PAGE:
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Bismarck, Ramillies, Revenge

Discussion in 'Surface and Air Forces' started by Carronade, Nov 6, 2011.

  1. Carronade

    Carronade Ace Patron  

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    After the loss of Hood, the Royal Navy called in all available ships to locate and engage the Bismarck, including the old R class battleships Ramillies and Revenge. Revenge, sortieing sp? from Halifax was unlikely to encounter the Germans, but Ramillies, breaking off from a convoy in the western Atlantic, might have met Bismarck had she continued south instead of breaking for the French coast. When Ramillies and other ships were ordered into the pursuit, Prince of Wales, Norfolk, and Suffolk were still in contact; another capital ship might have made it feasible to resume the engagement. Still there was the possibility of a one-on-one battle, especially after Bismarck did shake off her pursuers. The Rs were WWI-era ships which had undergone minimal modernization, comparable to Hood in most respects other than speed, most notably the vulnerability to plunging shot at long range. Was the RN really willing to take the chance?
     
  2. CAC

    CAC Ace of Spades

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    Not sure exactly what the question is...SHe ws probably brought in to help find her, or, if already found, to prevent an escape route or at least report it...After Hood, i dont think an engagement was on the cards, she would have been ordered back to cloak the Bismark not make contact...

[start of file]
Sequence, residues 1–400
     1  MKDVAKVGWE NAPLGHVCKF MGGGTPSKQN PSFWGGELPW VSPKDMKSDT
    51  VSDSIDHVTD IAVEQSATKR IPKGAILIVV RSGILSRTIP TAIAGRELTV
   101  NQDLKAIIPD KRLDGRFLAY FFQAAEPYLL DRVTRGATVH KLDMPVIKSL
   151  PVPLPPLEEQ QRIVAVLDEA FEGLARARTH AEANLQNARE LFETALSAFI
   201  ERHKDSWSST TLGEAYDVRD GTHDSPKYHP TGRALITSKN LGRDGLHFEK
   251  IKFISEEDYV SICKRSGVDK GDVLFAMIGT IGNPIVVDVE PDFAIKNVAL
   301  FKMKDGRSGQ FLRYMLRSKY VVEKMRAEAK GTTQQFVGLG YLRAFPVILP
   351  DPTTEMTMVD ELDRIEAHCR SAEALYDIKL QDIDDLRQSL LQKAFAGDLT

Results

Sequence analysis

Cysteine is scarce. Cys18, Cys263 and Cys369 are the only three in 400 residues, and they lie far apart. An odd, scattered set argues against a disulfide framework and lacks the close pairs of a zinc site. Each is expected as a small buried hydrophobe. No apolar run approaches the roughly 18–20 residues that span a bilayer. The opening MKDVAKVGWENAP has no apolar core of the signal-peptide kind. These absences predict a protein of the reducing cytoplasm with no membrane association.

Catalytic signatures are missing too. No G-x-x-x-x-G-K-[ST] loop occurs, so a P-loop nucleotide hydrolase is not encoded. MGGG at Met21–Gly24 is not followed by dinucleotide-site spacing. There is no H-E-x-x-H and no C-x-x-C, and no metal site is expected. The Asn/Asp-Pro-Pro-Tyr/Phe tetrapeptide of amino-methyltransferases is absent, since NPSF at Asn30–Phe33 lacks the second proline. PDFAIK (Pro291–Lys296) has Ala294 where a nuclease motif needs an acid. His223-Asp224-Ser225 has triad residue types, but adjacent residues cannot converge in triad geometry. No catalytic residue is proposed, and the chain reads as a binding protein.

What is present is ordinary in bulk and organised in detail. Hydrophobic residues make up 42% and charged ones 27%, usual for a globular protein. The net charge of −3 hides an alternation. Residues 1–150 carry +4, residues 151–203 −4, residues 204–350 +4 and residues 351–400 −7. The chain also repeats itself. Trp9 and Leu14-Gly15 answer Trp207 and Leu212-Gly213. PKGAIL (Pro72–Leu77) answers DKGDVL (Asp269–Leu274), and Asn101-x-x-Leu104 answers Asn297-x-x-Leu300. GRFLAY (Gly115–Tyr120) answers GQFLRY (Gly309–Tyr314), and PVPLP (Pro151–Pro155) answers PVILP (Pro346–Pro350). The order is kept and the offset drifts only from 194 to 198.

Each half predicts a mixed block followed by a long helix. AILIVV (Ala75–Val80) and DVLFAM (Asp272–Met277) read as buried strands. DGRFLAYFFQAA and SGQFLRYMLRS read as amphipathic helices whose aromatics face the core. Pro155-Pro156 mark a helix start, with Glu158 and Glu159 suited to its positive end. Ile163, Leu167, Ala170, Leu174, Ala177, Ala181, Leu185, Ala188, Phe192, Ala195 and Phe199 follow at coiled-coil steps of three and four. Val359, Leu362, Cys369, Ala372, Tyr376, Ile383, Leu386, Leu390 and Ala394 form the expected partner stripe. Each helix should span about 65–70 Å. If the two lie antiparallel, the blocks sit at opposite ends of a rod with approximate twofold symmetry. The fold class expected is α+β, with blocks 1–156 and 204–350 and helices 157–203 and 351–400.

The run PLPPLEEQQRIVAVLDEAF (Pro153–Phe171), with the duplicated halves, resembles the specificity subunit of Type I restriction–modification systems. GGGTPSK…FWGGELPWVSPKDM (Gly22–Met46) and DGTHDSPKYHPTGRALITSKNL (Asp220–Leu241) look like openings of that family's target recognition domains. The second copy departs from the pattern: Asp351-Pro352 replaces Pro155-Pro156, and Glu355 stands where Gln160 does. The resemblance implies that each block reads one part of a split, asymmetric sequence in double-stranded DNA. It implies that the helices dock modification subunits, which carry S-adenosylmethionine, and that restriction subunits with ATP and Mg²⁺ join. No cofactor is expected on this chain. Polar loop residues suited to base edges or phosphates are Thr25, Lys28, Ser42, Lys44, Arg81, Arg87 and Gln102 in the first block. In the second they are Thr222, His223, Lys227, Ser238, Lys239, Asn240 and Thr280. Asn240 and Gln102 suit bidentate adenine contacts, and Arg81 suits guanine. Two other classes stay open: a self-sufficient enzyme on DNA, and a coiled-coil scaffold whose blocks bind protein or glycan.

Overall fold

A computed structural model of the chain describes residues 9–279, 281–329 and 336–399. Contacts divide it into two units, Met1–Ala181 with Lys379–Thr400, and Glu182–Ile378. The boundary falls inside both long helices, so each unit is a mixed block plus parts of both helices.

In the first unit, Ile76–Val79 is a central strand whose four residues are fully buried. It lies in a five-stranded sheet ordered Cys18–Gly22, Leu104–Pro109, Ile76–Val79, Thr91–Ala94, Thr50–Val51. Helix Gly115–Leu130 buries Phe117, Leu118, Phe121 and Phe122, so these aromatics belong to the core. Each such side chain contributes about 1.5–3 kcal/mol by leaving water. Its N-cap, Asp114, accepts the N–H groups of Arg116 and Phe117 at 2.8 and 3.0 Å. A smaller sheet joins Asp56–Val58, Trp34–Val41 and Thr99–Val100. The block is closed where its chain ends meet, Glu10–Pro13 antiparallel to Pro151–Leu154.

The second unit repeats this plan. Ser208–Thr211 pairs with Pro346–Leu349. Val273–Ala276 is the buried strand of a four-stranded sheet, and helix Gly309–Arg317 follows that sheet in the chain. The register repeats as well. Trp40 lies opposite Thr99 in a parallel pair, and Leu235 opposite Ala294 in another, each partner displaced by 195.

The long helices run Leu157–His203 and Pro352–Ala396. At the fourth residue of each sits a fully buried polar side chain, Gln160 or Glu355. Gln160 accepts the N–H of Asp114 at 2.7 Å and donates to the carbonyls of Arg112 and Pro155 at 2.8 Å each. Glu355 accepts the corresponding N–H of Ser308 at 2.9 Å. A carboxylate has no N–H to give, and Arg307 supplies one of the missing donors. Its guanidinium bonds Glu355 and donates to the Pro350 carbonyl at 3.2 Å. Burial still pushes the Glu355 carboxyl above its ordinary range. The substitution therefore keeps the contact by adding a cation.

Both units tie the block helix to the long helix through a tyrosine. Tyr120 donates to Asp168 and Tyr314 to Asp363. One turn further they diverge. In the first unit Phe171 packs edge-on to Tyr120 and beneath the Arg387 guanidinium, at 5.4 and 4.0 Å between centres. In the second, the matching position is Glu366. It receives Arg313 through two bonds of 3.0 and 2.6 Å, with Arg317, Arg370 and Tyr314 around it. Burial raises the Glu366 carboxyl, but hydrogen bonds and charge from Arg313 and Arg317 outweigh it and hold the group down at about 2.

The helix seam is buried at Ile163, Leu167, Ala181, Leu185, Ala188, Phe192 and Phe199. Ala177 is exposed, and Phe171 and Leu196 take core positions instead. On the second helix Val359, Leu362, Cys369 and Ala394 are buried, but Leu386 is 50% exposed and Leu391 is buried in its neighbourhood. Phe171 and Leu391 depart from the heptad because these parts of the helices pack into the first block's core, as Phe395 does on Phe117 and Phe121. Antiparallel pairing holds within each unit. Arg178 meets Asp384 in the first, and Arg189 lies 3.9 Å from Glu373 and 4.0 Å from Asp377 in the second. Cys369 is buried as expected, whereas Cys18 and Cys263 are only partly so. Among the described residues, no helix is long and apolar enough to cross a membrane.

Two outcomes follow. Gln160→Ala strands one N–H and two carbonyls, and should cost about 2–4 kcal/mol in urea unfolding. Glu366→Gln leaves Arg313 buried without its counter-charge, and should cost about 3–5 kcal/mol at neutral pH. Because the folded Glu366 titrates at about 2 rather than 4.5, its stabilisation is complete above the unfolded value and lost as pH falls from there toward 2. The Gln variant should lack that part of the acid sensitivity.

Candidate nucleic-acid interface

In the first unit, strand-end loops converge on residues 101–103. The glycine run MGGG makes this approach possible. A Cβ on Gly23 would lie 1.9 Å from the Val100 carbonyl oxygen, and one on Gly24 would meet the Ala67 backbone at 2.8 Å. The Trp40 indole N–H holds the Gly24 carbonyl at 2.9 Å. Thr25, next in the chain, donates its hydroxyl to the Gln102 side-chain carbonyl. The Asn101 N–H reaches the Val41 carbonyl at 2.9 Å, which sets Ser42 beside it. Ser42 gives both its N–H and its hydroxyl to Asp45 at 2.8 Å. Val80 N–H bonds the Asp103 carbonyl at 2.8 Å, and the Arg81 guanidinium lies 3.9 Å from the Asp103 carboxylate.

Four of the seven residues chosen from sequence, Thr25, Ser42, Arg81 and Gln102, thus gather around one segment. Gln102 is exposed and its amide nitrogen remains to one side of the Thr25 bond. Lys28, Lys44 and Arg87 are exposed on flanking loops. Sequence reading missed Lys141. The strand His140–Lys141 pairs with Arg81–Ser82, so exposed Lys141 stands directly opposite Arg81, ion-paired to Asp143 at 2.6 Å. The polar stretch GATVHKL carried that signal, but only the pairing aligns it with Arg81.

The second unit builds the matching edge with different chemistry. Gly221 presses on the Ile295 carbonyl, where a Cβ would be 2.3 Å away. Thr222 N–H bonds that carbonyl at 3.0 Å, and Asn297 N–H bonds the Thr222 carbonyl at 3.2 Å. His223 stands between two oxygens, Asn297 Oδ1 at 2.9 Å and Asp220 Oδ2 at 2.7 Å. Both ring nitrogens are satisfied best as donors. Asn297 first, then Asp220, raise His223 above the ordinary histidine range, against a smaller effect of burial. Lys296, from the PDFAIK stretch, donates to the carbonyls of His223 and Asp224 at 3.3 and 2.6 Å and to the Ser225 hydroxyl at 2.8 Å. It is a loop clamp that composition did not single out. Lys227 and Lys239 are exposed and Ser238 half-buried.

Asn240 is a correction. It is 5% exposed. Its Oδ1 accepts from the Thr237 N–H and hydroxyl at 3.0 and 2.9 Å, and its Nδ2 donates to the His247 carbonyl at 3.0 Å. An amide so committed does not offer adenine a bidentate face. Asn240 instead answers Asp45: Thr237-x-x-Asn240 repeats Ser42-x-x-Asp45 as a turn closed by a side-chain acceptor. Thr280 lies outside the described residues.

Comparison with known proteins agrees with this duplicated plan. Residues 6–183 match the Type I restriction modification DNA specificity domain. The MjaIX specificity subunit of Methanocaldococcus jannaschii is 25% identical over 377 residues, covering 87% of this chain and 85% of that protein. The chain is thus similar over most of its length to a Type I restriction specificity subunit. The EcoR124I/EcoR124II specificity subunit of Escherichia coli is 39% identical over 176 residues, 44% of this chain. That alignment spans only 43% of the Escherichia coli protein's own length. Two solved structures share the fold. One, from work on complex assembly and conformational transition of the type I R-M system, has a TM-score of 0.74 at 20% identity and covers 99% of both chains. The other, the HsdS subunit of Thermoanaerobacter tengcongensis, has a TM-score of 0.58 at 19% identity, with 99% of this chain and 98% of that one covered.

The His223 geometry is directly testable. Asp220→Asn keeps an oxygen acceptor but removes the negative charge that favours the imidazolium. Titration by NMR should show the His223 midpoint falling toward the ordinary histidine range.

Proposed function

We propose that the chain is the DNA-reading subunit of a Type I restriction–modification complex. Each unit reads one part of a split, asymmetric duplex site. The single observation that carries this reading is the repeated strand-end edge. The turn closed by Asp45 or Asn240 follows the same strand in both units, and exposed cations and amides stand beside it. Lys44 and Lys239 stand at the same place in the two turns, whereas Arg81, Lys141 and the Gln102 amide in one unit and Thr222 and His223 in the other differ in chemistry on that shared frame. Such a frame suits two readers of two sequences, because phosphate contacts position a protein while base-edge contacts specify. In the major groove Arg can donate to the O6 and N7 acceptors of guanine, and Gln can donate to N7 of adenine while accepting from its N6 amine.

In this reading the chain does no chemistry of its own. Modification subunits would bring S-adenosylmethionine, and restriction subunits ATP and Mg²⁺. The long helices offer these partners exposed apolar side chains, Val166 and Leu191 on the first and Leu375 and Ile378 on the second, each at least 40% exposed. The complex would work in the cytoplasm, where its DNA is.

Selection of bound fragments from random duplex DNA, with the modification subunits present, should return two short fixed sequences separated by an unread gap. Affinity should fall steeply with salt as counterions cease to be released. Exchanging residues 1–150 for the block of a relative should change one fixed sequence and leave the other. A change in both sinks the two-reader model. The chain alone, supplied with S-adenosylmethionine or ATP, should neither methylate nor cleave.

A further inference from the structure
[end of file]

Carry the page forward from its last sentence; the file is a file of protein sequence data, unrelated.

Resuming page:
3. Fred Wilson

    Fred Wilson "The" Rogue of Rogues

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  4. 4th wilts

    4th wilts Member

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    I think any battleship on battleship engagement,could result in the loss of either ship.The "R"Class ships IMO had a chance didn't they,the guns were enough in size(15inch),anyone got any details about their radar etc.?Cheers,Lee.
     
  5. Carronade

    Carronade Ace Patron  

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    Certainly anything could happen; as noted the Rs had main armament comparable to Bismarck's, and their belt armor was actually slightly thicker. At moderate ranges where hits would primarily be on the belt or hit the horizontal protection at an acute angle, it might be a fair match. The problem was getting through the 'danger zone' where plunging shot could penetrate the deck. This was why Hood initially steered towards Bismarck, leaving her after turrets out of action; she was trying to get through the danger zone as quickly as possible and engage at medium range.

    Bismarck vs. Ramillies is one of the rare situations in which speed could have a significant impact. Bismarck could control the range, if she could not avoid action entirely, which would probably be Lutjens' first choice. For the same reason, Ramillies was incapable of trailing Bismarck the way a 32-knot cruiser could.

    Gunnery control is a subject on which IMO not enough information is available, but the Rs had been little modernized since WWI, so Bismarck would have an edge although it is difficult to quantify. Her shooting against Hood and Prince of Wales was excellent, and German capital ships had a reputation for finding the range quickly and scoring hits early in an action.

    Bismarck had radar sets fixed to her three rangefinders, but they were disabled by the concussion of her own guns firing. I'm a bit puzzled that this apparently happened to all three sets. AFAIK the Rs were not fitted with radar at this time.
     
  6. steverodgers801

    steverodgers801 Member

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    There's no doubt the British would be willing to risk the older ships if it meant damaging the Bismark so the other ships could catch up.
     
  7. CAC

    CAC Ace of Spades

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    No doubt? England was reeling after the loss of the Hood...
     
  8. TiredOldSoldier

    TiredOldSoldier Ace